We’re relying on thoughtful comments from the community to help expectant parents narrow down their name decisions. Thank you in advance for sharing your insight!
We have a five year old son named Noah Andrew, and I’m pregnant with a daughter due the first week of December.
Deciding on Noah’s name was easy. But this time, it feels like the girls’ names we liked are too popular. Emma was my favorite if Noah was a girl, but we know three little Emmas, including our neighbor’s new baby.
Also, even if Emma was still on the table, Noah and Emma sound maybe a little too cute together. We like Biblical names, but does Noah and Leah seem a little too much?
Our last name is long and complicated, so we like easy first names.
We’d love some ideas!
Please read on for my reply and leave your thoughtful suggestions in the comments.
Congratulations on your daughter!
For so many reasons, naming is one of the few things that gets harder as we become more experienced parents. The choices we make for one child do tend to rule out possibilities for future siblings – or at least make us hear them in different ways.
Let’s start with the big picture: I don’t think Noah and Leah is too much Old Testament. They’re both well-established names with a long history of use. If you were thinking of, say, Nehemiah and Miriam, maybe, that would feel a little more obvious.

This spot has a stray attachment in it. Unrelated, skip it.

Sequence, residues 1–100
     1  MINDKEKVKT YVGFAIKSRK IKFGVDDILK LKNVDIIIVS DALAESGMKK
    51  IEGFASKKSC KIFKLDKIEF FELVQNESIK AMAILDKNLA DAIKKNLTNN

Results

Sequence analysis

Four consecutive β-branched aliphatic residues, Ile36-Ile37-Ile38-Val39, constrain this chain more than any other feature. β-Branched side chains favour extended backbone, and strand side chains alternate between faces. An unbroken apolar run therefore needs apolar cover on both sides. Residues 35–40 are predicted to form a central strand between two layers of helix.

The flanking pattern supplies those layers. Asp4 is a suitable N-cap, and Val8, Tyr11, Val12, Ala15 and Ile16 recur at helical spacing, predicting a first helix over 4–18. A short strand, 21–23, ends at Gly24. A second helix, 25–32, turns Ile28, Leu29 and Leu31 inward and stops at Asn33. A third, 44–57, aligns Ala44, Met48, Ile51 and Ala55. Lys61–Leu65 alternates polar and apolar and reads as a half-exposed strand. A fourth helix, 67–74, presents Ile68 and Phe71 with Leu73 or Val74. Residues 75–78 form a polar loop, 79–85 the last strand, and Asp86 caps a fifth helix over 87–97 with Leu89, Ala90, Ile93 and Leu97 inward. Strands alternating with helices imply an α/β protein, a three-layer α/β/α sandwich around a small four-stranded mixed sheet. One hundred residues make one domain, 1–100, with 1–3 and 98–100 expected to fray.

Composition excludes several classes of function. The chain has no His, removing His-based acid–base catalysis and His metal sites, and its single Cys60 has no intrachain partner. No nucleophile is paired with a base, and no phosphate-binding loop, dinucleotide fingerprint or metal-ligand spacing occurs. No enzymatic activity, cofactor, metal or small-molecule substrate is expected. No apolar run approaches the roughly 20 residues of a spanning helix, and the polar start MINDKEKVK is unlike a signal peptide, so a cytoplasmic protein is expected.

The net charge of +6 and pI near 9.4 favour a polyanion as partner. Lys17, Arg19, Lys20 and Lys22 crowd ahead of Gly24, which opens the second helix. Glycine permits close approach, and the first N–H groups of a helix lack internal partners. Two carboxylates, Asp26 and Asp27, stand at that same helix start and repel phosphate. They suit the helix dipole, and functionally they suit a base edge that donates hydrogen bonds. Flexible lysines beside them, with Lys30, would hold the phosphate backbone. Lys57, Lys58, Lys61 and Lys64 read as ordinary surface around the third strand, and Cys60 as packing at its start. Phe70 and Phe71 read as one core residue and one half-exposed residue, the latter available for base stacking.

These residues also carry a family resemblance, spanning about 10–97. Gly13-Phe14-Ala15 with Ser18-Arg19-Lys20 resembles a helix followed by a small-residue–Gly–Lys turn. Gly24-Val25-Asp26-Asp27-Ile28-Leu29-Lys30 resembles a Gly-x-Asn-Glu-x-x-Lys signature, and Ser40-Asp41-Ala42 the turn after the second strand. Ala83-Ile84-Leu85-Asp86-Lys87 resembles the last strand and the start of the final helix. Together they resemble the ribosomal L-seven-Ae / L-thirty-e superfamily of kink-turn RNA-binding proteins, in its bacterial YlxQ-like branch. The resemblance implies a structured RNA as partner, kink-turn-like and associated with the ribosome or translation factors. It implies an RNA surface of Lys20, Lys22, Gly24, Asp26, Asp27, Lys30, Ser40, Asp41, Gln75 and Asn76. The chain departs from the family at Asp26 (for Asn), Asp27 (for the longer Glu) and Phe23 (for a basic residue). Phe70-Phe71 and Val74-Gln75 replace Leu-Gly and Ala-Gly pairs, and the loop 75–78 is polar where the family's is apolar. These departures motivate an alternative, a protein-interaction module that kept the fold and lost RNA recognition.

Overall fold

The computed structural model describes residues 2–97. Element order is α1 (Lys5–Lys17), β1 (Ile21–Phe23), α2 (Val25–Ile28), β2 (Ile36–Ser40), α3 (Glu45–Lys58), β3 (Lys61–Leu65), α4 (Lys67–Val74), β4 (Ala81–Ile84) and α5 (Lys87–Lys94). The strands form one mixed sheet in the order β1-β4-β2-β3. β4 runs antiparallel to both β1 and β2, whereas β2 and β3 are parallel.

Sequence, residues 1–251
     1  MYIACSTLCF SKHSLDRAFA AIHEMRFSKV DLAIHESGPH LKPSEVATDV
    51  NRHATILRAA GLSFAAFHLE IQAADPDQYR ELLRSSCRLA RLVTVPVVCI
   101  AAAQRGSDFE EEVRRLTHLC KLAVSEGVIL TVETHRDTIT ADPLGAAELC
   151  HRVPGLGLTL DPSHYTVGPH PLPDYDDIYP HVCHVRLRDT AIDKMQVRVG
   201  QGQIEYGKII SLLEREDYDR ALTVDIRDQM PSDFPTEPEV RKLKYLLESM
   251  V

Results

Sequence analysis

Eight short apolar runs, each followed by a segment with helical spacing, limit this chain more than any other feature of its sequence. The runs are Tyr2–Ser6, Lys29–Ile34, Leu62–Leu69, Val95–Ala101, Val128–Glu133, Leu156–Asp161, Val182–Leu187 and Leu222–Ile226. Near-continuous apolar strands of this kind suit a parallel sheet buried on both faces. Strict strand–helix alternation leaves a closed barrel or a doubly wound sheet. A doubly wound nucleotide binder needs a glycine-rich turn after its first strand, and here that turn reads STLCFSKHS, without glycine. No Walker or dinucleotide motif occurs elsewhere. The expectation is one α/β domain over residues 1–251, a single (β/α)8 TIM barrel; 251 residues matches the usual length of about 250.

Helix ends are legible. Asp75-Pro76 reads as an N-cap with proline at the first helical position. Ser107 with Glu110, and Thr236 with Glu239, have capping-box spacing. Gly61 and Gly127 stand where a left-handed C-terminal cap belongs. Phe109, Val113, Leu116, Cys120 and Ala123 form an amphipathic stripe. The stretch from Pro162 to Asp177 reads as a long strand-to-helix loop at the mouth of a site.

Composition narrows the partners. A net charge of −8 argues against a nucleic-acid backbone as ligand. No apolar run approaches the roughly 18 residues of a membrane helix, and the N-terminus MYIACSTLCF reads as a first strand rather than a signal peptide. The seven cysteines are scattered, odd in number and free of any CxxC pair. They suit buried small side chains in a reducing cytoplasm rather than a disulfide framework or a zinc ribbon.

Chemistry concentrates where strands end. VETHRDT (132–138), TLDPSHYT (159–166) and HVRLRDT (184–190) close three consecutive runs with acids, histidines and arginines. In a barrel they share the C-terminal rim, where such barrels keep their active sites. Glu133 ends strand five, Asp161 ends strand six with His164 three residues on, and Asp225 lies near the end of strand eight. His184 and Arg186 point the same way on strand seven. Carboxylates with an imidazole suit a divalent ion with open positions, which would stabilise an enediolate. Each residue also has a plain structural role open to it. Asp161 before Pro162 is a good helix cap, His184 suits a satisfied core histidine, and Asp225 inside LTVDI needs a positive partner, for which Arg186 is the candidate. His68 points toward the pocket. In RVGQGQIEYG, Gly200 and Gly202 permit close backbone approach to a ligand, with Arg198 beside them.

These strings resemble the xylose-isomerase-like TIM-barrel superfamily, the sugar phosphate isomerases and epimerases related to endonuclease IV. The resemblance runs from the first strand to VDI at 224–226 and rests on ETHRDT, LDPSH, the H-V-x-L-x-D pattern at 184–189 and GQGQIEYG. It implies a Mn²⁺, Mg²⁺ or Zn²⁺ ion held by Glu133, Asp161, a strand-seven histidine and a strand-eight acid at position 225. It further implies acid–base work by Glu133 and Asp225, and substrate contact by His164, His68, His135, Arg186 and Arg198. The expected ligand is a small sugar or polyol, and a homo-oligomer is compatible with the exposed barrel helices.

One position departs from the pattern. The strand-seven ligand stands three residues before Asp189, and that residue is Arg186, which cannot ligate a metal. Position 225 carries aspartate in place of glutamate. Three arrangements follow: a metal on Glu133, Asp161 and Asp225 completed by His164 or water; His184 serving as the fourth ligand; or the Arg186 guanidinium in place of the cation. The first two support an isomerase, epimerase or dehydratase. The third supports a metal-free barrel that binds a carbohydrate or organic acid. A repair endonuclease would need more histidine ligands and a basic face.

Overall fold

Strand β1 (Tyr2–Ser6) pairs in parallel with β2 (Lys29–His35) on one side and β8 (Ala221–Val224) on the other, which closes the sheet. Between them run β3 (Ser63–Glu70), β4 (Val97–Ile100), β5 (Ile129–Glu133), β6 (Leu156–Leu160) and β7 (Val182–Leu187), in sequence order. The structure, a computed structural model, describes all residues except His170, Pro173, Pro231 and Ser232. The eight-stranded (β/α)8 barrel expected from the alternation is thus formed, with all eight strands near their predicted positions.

As for the sing-songy part? I think it’s a hazard, but I wouldn’t say it rules out every two-syllable, ends-with-a name for a daughter. Noah and Emma sound a little close because the n/m sounds are similar. But I don’t find Noah and Leah too close at all. Or … Noah and Sarah, Noah and Ava, Noah and Ella …
But let’s move on to the names.
A SISTER FOR NOAH
We need a girl’s name that is short, easy to spell and pronounce, reasonably familiar – and perhaps relatively popular, too.
I’m going to skip -a enders – though there are so many gorgeous options! Because really, if you don’t mind the shared -a ending, I think Noah and Leah are perfection together.
That’s a big pool of names, but here are a few that I think work really well:
Visually, Audrey is a little long. But it’s really quite straightforward – two syllables, easily spelled and pronounced, familiar to all thanks to the legendary Audrey Hepburn.
Spare and classic Claire seems like an obvious choice to match with a longer surname.
Completely unknown in the US until later in the twentieth century, Eden feels modern – and yet deeply rooted in tradition.
Maybe it’s too obvious of a substitute for Emma, but that’s also why it’s worth a mention.
As slim as Claire, as meaning-rich as many a longer name.
Sweetly vintage, but with history galore, Lucy is completely different from Noah – but nicely compatible, too.
Molly started out as a nickname for Mary, but it’s long worked as an independent name with plenty of spirit.
Musical surname name Piper isn’t traditional, but somehow it feels like a match for brother Noah, especially with a more traditional middle.
A big favorite in the 1980s and 90s, it’s easy to forget that Rachel really is a classic choice for a daughter. It’s Biblical, but the sound is distinct from Noah – which makes them nicely compatible.
A frills-free name for a daughter that feels feminine and sleek, traditional and modern. Vivian is a little on the long side, but it might be exactly what you’re after.
I’m all about Lucy and Noah together – it was one of my first thoughts. Lucy Claire, maybe, or Lucy Katherine?